We put together two small music festivals and created a webseries that went on for three seasons, amongst other projects.
A lot of my experience as an independent filmmaker is connected to this time of my life. Then I built and perfected my skills as a director of photography and video editor. And since I was part of the entire process of conceptualizing, producing and making the work, it trained me to be an independent filmmaker and to be present in all the steps while creating videos.
I left the production company in 2016 after moving to the United States and since then I have dedicated my time to my own films.
I started film school with the idea of changing the world little by little with my art. I had dreamt of exposing the problematic sides of our society and opening a discussion for change through documentary. And although this thought has matured, I believe the sentiment is still present in my work. It is just a different format, aesthetic and way more personal than I expected.
When I started I had no idea my films would mainly talk directly about my experiences.
But coming to the US shifted my perspective about my own life. I had to come to an understanding of who I was as a person in this new society.
My perceived race changed from White to Latina, my privileges were transformed, and I had to overcome a huge language and cultural barrier. And that, of course, had a huge impact on my work. Then and now.
In Fall 2015, in my first semester as an undergrad exchange student at UWM I made a film called Blurred Lines; where I exposed my main thoughts about the life I was living in which I craved real life subtitles to fully comprehend it.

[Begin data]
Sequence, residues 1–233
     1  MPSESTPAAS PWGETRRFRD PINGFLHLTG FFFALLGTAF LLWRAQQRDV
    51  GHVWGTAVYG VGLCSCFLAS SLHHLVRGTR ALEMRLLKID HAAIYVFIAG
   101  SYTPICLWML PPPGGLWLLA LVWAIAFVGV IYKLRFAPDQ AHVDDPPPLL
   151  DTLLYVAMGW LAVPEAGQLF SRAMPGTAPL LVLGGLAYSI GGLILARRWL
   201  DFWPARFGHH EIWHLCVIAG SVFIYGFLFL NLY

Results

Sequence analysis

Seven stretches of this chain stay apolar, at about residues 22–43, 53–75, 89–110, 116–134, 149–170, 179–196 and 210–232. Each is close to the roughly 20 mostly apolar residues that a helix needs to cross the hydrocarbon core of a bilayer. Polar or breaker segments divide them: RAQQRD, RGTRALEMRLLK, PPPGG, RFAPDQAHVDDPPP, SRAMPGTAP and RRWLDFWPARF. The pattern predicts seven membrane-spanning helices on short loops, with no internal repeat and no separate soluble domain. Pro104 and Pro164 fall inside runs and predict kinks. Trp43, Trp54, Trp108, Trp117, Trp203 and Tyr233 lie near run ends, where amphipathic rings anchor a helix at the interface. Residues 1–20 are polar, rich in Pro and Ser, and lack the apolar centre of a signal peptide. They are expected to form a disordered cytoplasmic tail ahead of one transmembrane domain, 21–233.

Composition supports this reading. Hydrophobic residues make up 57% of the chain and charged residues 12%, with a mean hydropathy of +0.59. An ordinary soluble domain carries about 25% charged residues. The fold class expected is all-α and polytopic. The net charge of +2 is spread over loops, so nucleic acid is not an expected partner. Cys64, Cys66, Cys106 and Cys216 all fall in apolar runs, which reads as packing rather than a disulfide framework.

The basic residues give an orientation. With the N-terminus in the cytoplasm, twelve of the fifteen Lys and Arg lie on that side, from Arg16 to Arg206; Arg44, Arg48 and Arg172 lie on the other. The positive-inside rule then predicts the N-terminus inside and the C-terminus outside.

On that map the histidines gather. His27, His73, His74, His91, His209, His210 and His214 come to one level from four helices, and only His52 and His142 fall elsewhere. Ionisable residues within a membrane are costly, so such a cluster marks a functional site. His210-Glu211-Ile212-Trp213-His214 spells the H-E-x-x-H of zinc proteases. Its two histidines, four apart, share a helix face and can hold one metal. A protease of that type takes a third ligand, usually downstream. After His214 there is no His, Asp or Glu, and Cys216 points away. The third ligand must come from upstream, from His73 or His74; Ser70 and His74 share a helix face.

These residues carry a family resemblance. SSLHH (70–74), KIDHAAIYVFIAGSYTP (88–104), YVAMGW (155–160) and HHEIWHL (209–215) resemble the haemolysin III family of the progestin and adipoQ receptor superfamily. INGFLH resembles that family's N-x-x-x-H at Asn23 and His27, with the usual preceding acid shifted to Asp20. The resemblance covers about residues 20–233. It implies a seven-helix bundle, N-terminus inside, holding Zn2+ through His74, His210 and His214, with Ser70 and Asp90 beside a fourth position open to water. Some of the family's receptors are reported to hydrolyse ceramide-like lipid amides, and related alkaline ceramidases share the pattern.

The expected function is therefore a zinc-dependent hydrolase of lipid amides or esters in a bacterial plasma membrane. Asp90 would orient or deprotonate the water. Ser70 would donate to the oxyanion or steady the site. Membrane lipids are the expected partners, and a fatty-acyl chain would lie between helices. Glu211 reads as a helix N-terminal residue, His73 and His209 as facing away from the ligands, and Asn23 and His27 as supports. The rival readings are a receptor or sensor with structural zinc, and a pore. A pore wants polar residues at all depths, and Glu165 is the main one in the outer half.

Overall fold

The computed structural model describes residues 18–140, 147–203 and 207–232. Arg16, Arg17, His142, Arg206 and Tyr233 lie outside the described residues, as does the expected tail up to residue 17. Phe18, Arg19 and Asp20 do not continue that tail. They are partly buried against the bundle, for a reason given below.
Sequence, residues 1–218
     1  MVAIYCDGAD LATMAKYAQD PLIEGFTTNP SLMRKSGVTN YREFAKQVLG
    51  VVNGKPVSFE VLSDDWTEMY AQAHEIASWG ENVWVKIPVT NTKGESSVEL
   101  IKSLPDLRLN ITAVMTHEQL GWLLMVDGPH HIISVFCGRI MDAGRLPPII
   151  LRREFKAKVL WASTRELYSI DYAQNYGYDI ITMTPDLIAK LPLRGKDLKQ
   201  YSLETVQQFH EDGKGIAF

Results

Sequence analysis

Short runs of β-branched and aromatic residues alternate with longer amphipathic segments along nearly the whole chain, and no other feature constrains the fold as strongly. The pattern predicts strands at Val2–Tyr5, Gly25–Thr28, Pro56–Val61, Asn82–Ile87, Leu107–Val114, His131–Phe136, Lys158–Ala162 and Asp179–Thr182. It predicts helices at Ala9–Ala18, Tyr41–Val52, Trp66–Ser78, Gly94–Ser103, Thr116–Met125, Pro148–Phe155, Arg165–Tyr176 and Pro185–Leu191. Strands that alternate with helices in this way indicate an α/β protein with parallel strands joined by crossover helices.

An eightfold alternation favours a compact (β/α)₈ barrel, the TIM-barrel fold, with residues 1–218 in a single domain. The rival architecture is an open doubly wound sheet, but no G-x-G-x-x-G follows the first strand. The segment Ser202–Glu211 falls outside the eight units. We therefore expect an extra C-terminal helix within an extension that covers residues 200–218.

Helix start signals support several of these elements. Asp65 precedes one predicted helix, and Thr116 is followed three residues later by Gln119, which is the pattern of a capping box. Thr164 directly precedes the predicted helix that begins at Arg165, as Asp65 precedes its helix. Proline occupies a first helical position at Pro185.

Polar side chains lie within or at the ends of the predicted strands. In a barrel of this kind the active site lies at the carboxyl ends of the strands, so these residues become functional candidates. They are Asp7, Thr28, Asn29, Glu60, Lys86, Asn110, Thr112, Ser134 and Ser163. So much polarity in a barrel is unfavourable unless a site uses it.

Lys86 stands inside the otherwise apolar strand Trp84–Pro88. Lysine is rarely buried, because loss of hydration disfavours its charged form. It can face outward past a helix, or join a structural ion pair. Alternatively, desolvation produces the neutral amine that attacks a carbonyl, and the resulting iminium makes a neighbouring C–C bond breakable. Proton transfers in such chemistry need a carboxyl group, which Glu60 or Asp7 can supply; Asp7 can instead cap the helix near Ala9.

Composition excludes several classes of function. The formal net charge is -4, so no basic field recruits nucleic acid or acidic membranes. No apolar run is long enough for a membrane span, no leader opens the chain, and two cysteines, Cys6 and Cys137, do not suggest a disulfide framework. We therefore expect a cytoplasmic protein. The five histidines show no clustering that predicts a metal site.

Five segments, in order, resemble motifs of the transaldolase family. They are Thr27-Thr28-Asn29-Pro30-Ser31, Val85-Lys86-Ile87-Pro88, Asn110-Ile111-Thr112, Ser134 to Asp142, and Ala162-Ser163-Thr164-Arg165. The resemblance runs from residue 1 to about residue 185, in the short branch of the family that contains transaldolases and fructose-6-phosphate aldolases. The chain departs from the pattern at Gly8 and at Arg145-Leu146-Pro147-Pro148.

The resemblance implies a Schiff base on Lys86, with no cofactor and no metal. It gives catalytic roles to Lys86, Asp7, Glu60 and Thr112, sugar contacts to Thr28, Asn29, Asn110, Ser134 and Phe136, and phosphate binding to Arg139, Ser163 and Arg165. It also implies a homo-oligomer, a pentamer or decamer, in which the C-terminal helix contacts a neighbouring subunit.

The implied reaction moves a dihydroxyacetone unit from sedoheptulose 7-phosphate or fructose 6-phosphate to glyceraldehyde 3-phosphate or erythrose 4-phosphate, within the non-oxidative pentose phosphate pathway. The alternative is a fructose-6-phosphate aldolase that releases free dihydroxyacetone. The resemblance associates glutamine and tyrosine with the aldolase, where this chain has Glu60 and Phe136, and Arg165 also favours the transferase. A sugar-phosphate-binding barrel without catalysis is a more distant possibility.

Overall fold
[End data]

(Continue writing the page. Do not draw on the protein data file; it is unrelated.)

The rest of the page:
The film discusses how much power can emerge from the knowledge of a specific language. What can be trusted and how much mistranslation and a lack of cultural understanding can create a completely different experience. How control can be connected to what’s presented to others and not inner knowledge.
How dependent we are on the language we speak and the culture it is attached to.
During the same time period, I created a mini documentary trying to understand and share with Americans the meaning of the word Saudade. I was taught that this word was one of the hardest to translate in the world; a very universal feeling translated in different ways. A word that means a lot to Brazilians and it meant a lot to me at that time; and it still does. Saudade is present within me and it is all over my work.
What is Saudade, you want to know, right? You most likely feel or have felt it.
This word can be related to the feeling of longing or missing something or someone. The most explanatory meaning I have found is: the presence of absence.
Which can take its own meaning when translated. And can be connected with the work I do. Where I try to expose the silent parts of relationships, the unspeakable feelings and the unexplainable individual journeys.